Klein Matterhorn

This is Zermatt's main ski area, accessed from one end of town by the Matterhorn Express. Klein Matterhorn is intermediate bliss, with a huge choice of cruises and winding reds plus the exhilarating seven-mile Ventina run down to Cervinia in Italy, on the sunny side of the Matterhorn. At more than 3,800m, this area offers the highest skiing in Europe. In one bite, serious skiers can enjoy a long, steep and tiring descent of 10 miles, punctuated by a long, flat section at Theodulhorn that demands attacking at maximum speed to prevent a long, arduous Nordic push before the slopes begin to steepen once more (snowboarders beware). In addition, Klein Matterhorn has a wealth of winding red and blue options to explore. (See The Skiing, below, for a more detailed guide to specific runs and routes.)

Sunnega 

This and the Blauherd sector offer a vast array of blue intermediate cruises. From Gant, the jumbo cable car provides a link over to the Hohtalli and Gornergrat areas. From Rothorn, at a dizzy 3,100m, there are lots of fast reds including the Kumme – a stimulating four-mile charge down to Tuftern. When the snow is good, one of my top picks is the blast down the sunny Paradies as it drops down to my favourite mountain restaurants in the little hamlet of Findeln.

Gornergrat

Zermatt is one of the few ski resorts in the world to offer a scenic mountain railway ascent. The Gornergrat/Riffelberg/Riffelalp/Stockhorn area is accessed by the ancient Gornergrat rack railway. Some older trains can take as long as 45 minutes to wind their way up, offering passengers optimum views from this, the most photogenic side of the Matterhorn. Once you are up to the new six-seater Gifthittli chair lift that links to Riffelberg, there are some easy fast blue cruises that are best enjoyed in the afternoons when they bask in the sun.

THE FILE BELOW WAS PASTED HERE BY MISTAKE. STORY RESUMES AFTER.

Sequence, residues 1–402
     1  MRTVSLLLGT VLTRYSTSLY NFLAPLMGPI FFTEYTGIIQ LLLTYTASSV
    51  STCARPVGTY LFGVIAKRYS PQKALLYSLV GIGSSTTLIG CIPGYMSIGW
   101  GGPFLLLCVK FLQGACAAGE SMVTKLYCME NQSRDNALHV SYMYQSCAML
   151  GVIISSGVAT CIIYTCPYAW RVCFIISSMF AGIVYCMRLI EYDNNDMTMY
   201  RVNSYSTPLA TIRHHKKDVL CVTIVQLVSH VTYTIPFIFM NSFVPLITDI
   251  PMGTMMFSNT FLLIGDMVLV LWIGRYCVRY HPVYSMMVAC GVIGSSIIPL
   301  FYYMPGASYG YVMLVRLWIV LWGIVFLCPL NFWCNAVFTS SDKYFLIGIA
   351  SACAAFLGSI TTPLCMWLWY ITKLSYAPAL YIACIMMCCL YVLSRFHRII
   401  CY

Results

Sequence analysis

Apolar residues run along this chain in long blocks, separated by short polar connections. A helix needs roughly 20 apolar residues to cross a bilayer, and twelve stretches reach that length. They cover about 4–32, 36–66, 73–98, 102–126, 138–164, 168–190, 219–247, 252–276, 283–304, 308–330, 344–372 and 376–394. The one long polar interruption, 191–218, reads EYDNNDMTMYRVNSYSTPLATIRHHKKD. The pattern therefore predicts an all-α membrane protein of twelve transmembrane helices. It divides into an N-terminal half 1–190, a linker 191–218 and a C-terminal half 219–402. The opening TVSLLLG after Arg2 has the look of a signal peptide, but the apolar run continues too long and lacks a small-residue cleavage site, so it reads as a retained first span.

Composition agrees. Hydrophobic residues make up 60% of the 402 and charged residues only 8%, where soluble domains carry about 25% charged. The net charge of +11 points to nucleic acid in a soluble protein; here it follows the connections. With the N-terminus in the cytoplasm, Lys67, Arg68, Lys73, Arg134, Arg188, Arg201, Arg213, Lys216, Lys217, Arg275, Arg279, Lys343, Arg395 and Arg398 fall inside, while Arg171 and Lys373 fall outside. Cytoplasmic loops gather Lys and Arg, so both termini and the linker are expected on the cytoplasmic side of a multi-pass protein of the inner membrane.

ZERMATT AT A GLANCE

The facilities

Cable cars 13
Chair lifts 18
Funiculars Two (one underground)
Gondolas 7
Surface lifts 31
Cog railway 1
Uplift capacity per hour 75,700
Snow cannons 129

The terrain

Resort altitude 1,620m
Slopes 1,620m - 3820m
Number of runs 195
Blues 39, Reds 113. Blacks 43
Longest run 13km
Total piste length 313km

Pros and cons

For +
Snow-sure, with a long season
Car-free (no fumes)
Fantastic scenery
Resort charm
Quality and quantity of ski terrain
Best mountain restaurants in the world
Lively and varied après-ski
Great snow park
Lots of off-piste
 

Against -
Not for beginners
Expensive
Lifts in the village are spread out

THE SKIING

Fun runs

The Ventina (red) is a lovely, relaxed eight-mile descent down to Cervinia from Klein Matterhorn. Alternatively, take the gondola from Furgg to Schwarzsee for the Weisse Perle, a long, delightful and pretty red run. Following the railway line back down in the sun, Gornergrat is a relaxed, rolling blue runs with the odd red section to add a bit of spice; it also offers a route over to the Klein Matterhorn area via Furi.

Beginners

Zermatt is not recommended for total beginners. Of course there are lots of gentle blues – and ski schools operate on Trockner Steg, Sunnega and Blauherd to teach the uninitiated. There are also plenty of easy blues over at Gornergrat. However, to take advantage of the combined linked areas, it's best to be a fairly confident intermediate.